The First Democratic Debate: Who Delivered and Who Folded

Democratic presidential candidates from left, former Virginia Sen. Jim Webb, Sen. Bernie Sanders, of Vermont, Hillary Rodham Clinton, former Maryland Gov. Martin O'Malley, and former Rhode Island Gov. Lincoln Chafee take the stage before the CNN Democratic presidential debate Tuesday, Oct. 13, 2015, in Las Vegas. (AP Photo/John Locher)

The first Democratic debate has opened the window to many voters on which issues Hillary Clinton, Bernie Sanders, Martin O’Malley, Lincoln Chafee, and Jim Webb stand on. It started with Cooper’s invitation for Joe Biden to join the race before each of the candidates had the opportunity to give their opening statements.

Former Secretary of State Hillary Clinton came off as prepared and confident. To many in the media and those polled, she is considered the winner of the debate.

To a lot of people, it’s pretty unclear whether Sanders helped or hurt himself. One of the moments during the debate, which he recognized may not have been good politics, was when he exclaimed to front runner Hillary Clinton that, “The American people are sick and tired of hearing about your damn emails!”

Martin O’Malley performed fairly well, but never had a moment where he truly shined. His intentions were to present himself as a more progressive alternative to Hillary Clinton. Many believe that he could have done better in grabbing the attention of the American people.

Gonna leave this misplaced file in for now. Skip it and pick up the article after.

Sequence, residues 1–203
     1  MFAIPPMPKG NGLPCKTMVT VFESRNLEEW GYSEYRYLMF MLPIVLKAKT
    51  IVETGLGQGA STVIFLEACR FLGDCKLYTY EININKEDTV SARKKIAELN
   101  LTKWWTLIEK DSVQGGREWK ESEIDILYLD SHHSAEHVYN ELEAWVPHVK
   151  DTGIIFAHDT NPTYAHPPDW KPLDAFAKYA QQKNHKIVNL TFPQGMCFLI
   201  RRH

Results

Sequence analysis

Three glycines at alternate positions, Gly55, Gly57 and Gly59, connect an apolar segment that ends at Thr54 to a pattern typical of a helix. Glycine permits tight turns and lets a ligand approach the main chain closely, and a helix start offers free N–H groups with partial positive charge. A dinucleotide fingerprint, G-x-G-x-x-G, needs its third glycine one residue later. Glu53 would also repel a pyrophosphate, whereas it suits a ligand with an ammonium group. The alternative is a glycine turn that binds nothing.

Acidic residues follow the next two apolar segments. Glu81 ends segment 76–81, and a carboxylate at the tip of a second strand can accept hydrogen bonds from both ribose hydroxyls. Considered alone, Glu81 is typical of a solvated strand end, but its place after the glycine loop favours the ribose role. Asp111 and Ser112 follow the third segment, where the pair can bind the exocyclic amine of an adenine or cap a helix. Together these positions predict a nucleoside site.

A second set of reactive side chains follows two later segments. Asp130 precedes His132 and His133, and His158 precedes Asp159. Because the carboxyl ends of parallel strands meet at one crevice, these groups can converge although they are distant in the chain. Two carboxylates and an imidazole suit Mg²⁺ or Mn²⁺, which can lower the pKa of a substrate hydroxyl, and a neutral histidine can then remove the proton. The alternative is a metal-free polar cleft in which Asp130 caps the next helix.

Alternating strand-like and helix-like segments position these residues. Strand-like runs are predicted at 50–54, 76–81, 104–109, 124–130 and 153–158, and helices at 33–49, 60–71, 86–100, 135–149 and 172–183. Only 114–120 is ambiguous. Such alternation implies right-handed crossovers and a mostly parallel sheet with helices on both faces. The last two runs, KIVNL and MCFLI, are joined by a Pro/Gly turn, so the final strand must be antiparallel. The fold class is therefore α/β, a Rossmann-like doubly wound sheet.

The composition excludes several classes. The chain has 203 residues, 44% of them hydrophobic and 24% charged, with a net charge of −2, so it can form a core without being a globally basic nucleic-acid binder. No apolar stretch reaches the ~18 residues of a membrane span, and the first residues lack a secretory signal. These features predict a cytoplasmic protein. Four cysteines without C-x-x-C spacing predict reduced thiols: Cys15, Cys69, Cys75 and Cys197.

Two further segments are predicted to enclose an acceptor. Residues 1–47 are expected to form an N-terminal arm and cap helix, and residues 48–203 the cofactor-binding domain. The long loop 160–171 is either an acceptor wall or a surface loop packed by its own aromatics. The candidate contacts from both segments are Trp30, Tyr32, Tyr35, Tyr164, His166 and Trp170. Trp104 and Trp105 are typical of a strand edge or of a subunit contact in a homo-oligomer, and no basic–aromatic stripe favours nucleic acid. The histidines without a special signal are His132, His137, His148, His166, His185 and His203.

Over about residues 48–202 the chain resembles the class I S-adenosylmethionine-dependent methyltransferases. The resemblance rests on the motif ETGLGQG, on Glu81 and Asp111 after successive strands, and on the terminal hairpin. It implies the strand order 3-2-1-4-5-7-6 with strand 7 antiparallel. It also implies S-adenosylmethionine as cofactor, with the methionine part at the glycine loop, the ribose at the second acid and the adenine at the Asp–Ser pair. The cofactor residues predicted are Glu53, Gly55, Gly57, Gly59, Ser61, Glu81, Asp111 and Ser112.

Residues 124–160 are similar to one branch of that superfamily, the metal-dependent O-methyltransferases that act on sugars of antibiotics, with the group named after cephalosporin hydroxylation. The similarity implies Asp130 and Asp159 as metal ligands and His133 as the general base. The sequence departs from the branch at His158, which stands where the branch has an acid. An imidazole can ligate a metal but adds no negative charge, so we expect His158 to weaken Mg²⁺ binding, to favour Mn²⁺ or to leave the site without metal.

Jim Webb came across as grumpy when he complained about his speaking time. His performance was below average. When debate moderator Anderson Cooper pressed Webb on his A+ rating from the NRA, he didn’t have much of a comeback. After the debate, Webb made it clear to the media that he was disappointed in the air time he received compared to Clinton and Sanders. “I even turned around to Bernie Sanders at one point and said, ‘Bernie! Say my name, will you? Just say my name!’” Webb stated.

Lincoln Chafee stumbled in the debate as well. When he was asked about his vote to repeal the Glass-Steagall Act, his defense was, “I had just arrived in the Senate”. Following this response, Cooper further pressed him on the fact that he “didn’t know what he was voting for”. Chafee then suggested Cooper was being a little harsh due to his situation at the time of just arriving in the Senate and losing a loved one.

Both Jim Webb and Lincoln Chafee have dropped out of the democratic race for President of the United States. Webb, following his departure from the race, has argued that the debate was “rigged” in favor of Hillary Clinton and Bernie Sanders whereas Chafee’s reasoning for departing differed. Chafee believes that after Clinton’s strong performance in the debate and hearings, along with Biden’s decision not to run (due to the fact that he believes he has run out of time to run an effective campaign) he has concluded that Hillary Clinton’s emails no longer disqualify her from the race, and has thrown his full support behind her. Webb, on the other hand, is apparently considering a third party run.

Saturday Night Live got the opportunity to poke fun at the debate as well. With a very laid back Hillary Clinton, an extra passionate but accurate Bernie Sanders, who talked about his one pair of underwear and later got embraced by Clinton (which actually happened when she embraced him in the real debate for defending her email controversy), a funny but casual O’Malley, an extra goofy Chafee, and an extra grumpy Webb impersonator, the mock debate was definitely far more entertaining than the debate itself.